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Investigating Accelerated Learning in Healthy Subjects

The safety and scientific validity of this study is the responsibility of the study sponsor and investigators. Listing a study does not mean it has been evaluated by the U.S. Federal Government. Read our disclaimer for details.
 
ClinicalTrials.gov Identifier: NCT03055884
Recruitment Status : Suspended (low numbers of participants)
First Posted : February 16, 2017
Last Update Posted : November 4, 2020
Sponsor:
Information provided by (Responsible Party):
Sven Vanneste, The University of Texas at Dallas

Brief Summary:
The purpose of this study is to investigate whether it is possible to accelerate learning and improve associative memory performance in healthy subjects, by (1) applying transcranial Direct Current Stimulation (tDCS) during a verbal paired-associate learning task and by (2) optimizing the learning method with repeated retrieval practice.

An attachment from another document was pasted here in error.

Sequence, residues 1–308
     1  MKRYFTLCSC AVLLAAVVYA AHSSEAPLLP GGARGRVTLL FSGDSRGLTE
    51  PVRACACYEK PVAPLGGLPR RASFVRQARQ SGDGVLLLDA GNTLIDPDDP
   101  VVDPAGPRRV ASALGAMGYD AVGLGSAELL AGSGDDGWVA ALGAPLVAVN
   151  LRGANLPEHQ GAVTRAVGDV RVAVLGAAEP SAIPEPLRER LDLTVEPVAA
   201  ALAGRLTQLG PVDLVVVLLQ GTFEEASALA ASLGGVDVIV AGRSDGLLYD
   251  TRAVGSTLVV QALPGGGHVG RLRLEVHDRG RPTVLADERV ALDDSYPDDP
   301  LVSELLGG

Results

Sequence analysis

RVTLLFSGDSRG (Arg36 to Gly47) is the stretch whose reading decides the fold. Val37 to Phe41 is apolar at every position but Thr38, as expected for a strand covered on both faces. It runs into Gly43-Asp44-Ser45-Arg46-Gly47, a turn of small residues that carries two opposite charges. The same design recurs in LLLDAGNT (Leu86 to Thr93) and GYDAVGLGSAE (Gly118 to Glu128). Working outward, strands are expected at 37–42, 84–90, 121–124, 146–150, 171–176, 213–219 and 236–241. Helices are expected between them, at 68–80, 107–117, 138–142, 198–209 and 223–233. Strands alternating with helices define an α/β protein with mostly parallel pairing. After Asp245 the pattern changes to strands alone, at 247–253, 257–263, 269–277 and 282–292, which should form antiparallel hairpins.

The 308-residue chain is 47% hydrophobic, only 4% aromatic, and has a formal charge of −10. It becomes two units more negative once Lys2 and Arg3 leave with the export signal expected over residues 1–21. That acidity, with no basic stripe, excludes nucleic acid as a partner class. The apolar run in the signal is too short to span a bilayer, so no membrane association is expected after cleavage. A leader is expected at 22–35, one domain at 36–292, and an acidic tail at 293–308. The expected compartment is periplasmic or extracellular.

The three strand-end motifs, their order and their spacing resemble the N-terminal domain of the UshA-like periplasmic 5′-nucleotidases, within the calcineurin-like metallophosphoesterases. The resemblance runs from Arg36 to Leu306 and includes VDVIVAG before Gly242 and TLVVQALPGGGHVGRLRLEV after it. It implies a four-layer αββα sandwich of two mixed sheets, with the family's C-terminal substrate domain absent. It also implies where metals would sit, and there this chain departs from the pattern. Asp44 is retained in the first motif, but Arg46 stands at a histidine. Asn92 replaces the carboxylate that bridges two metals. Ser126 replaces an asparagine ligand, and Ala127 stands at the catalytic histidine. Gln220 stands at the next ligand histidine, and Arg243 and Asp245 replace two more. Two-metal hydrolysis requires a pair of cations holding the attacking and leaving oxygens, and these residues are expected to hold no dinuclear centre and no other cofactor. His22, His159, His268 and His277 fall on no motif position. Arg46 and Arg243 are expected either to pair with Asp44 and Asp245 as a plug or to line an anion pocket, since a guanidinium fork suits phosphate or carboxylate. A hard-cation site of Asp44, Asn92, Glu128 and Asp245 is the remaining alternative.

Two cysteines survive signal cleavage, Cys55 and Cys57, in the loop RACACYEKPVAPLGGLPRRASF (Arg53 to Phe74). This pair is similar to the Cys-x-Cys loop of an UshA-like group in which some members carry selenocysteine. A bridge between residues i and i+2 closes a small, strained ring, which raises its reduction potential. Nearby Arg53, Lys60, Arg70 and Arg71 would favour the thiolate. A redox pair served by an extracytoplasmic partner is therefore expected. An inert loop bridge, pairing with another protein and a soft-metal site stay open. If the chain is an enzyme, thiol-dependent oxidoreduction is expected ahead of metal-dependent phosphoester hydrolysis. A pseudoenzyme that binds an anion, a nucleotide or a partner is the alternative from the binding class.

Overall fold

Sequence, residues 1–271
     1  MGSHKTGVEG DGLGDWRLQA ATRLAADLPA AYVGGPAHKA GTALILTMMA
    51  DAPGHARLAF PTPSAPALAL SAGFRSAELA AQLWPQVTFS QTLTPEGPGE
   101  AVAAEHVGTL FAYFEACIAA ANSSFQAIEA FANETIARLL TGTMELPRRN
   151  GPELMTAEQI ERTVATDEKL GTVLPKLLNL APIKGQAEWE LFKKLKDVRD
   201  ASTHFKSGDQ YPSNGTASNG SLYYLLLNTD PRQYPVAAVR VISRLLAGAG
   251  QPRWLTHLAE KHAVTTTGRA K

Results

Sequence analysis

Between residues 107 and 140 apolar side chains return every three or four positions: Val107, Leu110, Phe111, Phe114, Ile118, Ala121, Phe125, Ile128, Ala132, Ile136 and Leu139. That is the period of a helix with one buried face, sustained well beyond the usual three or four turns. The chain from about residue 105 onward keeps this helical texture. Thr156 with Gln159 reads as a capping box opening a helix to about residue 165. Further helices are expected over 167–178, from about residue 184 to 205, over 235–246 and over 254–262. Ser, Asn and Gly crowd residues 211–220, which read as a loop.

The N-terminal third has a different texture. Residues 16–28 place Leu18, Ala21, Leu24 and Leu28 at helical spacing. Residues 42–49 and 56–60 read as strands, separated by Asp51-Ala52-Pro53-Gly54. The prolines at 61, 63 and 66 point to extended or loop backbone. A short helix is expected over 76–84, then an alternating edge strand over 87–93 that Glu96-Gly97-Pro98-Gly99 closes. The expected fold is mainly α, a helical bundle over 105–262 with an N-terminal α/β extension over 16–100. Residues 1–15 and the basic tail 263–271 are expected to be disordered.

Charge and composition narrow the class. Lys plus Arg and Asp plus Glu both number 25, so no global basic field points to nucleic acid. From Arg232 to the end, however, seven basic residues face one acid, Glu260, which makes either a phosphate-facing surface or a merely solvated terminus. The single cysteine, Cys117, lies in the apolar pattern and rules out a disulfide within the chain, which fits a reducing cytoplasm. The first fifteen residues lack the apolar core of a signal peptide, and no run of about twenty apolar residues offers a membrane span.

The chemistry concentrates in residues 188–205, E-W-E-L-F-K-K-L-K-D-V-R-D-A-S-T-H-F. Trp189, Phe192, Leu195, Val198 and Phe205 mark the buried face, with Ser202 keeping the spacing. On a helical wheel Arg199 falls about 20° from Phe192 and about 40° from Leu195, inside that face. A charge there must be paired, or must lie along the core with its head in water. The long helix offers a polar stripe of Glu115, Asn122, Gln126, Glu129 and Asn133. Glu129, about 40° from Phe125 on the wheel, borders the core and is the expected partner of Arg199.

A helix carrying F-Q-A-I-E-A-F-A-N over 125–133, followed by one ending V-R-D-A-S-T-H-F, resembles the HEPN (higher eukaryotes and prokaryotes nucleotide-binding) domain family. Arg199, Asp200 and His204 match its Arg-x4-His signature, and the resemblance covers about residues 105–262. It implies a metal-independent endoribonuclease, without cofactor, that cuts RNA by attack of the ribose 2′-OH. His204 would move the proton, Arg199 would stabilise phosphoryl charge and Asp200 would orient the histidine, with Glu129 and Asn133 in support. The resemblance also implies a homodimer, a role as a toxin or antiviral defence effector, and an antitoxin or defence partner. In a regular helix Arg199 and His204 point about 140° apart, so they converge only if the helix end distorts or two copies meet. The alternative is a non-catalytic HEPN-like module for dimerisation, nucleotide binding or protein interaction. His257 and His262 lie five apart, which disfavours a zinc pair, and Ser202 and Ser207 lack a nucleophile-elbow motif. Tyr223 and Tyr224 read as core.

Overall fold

Condition or disease Intervention/treatment Phase
Healthy Adults Device: tDCS Behavioral: Verbal paired-associate learning task Not Applicable

Detailed Description:

Associative memory refers to remembering the association between two items, such as a face and a name or a word in English and the same word in another language. It is not only important for learning, but it is also one of the first aspects of memory performance that is impacted by aging and by Alzheimer׳s disease. For decades, neuroscientists have investigated associative learning and memory and ways to accelerate and enhance associative learning and memory.